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Daniel Dennett

  • 1. In Consciousness Explained, Dennett warns us he is going to challenge our intuitions about consciousness. The biggest challenge is the elimination of conscious experience. Why does Dennett make this move? Is there something about his fundamental assumptions that forces it? Can his fundamental assumptions involved in the intentional stance approach help explain his view of consciousness? If so, how?
  • 2. Could conscious experience be an illusion? How could we be mistaken about our conscious experiences in the sense that they don’t exist? For example, right now I have the experience of drinking a chai tea with soy milk. I enjoy it, but I know others cannot stand the taste of soy milk; they think it tastes like grass. Could it be that we are all mistaken about such subjective experiences—that they exist?
  • 3. Has Dennett solved the problems of AI? Dennett thinks of the brain as a parallel-processing computer with built-in software for installing and running many virtual machines. There is no substantial talk about how the brain causes consciousness in terms of its specific biology. The account is essentially a formal, information-processing account combined with behaviorism. Is it possible to explain consciousness on the basis of such an account? Does the account solve the problem of semantics as illustrated in the Chinese room thought experiment? (Remember that any parallel-processing machine can be simulated on a serial machine.)
  • 4. Dennett claims we must avoid dualism at all costs. What could drive him to make this claim? How might Chalmers or Searle respond?
  • 5. Dennett thinks of consciousness as stage magic of the brain. What are we supposed to gain by thinking of the brain along the lines of a magician? If we are deceived by our brains, then what could be the limits of deception? Could you be deceived about the experience of seeing red or having a pain, for example? If you could be deceived about that, how could you know anything at all? How could Dennett know that his thoughts are not all deceptive?
  • 6. Dennett suggests that the hard problem of consciousness is a large bag of tricks constituting what Chalmers calls the easy problems of consciousness,[1] and that these all have mundane solutions. The easy problems, in Chalmers’s view, are information-processing problems. How could consciousness be reduced to information processing? How might Dennett answer this question?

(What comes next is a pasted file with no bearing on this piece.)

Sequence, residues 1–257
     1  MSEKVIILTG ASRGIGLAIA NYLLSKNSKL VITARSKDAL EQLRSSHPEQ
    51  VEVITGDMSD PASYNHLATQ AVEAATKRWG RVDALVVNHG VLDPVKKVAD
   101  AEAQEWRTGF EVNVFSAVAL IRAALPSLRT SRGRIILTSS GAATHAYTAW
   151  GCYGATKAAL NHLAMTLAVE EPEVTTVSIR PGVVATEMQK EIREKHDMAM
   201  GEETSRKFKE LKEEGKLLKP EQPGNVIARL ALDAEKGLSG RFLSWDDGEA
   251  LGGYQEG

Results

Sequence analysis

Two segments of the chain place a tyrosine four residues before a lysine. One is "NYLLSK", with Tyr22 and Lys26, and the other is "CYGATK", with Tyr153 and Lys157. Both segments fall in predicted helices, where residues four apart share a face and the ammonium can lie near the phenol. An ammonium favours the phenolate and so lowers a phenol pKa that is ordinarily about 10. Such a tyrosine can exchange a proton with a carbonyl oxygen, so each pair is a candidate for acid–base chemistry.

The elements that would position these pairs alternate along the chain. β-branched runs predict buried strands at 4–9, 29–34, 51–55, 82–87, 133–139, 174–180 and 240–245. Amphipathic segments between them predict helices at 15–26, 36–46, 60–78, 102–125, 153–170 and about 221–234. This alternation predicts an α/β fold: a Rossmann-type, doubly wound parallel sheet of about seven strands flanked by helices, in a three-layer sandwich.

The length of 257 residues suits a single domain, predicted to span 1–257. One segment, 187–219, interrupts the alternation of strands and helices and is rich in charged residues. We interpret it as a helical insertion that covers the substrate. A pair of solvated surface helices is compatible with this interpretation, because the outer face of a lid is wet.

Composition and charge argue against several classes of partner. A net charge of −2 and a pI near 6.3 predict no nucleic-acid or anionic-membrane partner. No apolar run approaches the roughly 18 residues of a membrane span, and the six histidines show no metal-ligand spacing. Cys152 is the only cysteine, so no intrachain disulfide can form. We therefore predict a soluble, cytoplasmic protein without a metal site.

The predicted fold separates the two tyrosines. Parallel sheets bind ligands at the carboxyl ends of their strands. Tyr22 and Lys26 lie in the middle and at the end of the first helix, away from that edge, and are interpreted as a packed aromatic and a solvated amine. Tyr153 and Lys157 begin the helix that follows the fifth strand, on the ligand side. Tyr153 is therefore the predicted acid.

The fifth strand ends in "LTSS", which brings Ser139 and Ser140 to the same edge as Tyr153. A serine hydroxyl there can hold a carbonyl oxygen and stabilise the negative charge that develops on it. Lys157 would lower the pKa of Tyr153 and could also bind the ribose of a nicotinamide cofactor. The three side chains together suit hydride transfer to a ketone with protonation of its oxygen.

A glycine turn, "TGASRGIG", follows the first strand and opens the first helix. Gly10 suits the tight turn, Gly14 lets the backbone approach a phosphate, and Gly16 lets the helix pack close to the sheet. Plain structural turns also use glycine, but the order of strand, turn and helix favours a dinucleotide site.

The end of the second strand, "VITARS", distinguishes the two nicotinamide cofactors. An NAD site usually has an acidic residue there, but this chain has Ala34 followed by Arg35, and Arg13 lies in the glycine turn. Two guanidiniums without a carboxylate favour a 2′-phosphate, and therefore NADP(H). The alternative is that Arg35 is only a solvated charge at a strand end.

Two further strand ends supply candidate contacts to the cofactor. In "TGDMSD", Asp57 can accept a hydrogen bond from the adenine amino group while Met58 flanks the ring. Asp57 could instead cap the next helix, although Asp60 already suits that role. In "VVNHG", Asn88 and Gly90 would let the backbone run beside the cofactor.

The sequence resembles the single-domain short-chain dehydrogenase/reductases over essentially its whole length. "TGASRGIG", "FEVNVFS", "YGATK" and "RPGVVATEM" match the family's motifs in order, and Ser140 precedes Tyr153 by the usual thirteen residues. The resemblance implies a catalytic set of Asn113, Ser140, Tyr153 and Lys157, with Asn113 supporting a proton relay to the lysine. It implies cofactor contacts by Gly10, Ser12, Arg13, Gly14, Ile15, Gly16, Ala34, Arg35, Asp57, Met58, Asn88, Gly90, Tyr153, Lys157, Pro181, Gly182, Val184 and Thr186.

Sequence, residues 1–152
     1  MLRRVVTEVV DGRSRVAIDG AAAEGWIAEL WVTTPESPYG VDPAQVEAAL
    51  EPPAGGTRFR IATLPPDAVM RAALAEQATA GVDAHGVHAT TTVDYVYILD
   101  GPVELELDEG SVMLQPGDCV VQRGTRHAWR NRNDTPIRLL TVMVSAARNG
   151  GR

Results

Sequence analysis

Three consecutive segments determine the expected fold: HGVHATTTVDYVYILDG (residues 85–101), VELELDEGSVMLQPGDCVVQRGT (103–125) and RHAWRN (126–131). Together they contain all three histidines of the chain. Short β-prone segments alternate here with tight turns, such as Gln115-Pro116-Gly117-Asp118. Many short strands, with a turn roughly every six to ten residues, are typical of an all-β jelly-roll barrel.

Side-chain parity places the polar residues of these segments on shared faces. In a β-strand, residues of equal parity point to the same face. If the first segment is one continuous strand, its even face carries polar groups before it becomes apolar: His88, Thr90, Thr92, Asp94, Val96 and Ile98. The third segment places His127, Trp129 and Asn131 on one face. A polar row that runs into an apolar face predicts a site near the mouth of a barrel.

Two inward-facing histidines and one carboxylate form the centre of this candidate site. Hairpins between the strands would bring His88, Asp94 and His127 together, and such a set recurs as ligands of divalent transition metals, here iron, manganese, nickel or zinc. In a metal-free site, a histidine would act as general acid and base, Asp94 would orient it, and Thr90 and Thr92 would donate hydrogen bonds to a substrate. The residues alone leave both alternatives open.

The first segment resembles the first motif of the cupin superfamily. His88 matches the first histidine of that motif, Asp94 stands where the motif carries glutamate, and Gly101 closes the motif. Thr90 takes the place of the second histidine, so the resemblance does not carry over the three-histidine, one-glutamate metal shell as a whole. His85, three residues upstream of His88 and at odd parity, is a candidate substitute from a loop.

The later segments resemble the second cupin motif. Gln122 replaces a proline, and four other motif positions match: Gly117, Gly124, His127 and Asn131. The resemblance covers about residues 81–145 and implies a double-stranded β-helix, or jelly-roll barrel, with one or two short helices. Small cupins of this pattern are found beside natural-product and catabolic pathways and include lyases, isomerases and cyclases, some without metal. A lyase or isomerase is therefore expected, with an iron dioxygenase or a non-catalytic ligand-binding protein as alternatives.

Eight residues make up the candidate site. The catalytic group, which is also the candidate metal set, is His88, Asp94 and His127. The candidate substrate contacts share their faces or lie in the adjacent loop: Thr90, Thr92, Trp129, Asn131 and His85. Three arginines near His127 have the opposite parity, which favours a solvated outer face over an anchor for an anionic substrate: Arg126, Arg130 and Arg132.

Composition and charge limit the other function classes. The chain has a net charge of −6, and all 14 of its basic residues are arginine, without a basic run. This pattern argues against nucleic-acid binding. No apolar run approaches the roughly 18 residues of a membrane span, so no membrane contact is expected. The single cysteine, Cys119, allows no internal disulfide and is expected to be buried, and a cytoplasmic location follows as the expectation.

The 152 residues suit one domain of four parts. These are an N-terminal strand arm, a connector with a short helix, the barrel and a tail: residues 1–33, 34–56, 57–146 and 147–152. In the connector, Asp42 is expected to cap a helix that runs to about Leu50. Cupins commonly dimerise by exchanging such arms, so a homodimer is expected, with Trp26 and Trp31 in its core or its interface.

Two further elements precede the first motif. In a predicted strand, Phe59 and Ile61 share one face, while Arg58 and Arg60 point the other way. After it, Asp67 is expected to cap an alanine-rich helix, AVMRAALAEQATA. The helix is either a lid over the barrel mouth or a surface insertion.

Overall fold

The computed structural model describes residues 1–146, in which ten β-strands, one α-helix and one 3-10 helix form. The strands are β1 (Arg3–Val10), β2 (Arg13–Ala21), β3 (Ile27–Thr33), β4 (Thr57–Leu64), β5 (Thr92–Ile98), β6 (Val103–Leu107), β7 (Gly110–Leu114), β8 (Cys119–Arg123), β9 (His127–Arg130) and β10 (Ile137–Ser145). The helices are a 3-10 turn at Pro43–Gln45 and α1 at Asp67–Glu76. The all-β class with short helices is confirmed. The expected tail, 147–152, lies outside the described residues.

• 7. What is the Cartesian theater? How does Dennett discuss this notion to make room for his own theory? What does he think is wrong with it?
  • 8. How does a Cartesian materialist view consciousness, according to Dennett? Why does he believe that this way of thinking about consciousness is wrong?
  • 9. Dennett argues that “Without the cultural inculcation, we would never get around to having a stream of consciousness, though, of course, we would be capable of some sort of animalian activity.” (Keeley 2006, p. 205). However, someone who practices meditation might say the opposite—that cultural inculcation leads to less intense conscious states through intellectualization. Such a person might claim to reach pure states of consciousness without thought. How might Dennett respond?
  • 10. Suppose a neo-Freudian suggested that the id, ego, and superego are all virtual machines implemented in our brains. Would there be any way of disproving this claim? How is this claim different from Dennett’s claim that the self and the conscious mind are virtual machines? Is there a way to falsify Dennett? If not, what is the status of this claim?
  • 11. For Dennett, the human mind is software running on a von Neumannesque virtual machine in the brain. Is this perspective any different from strong AI? How might Dennett respond?
  • 12. How might Dennett react to the claim that every person has 100 billion virtual machines in his or her head—one for each neuron? How might he respond to the claim that we can ascribe as many virtual machines to the brain as we like, because the notion of a virtual machine is observer relative?

  • [1] See the chapter “Explaining the ‘Magic’ of Consciousness” in Dennett (2005).
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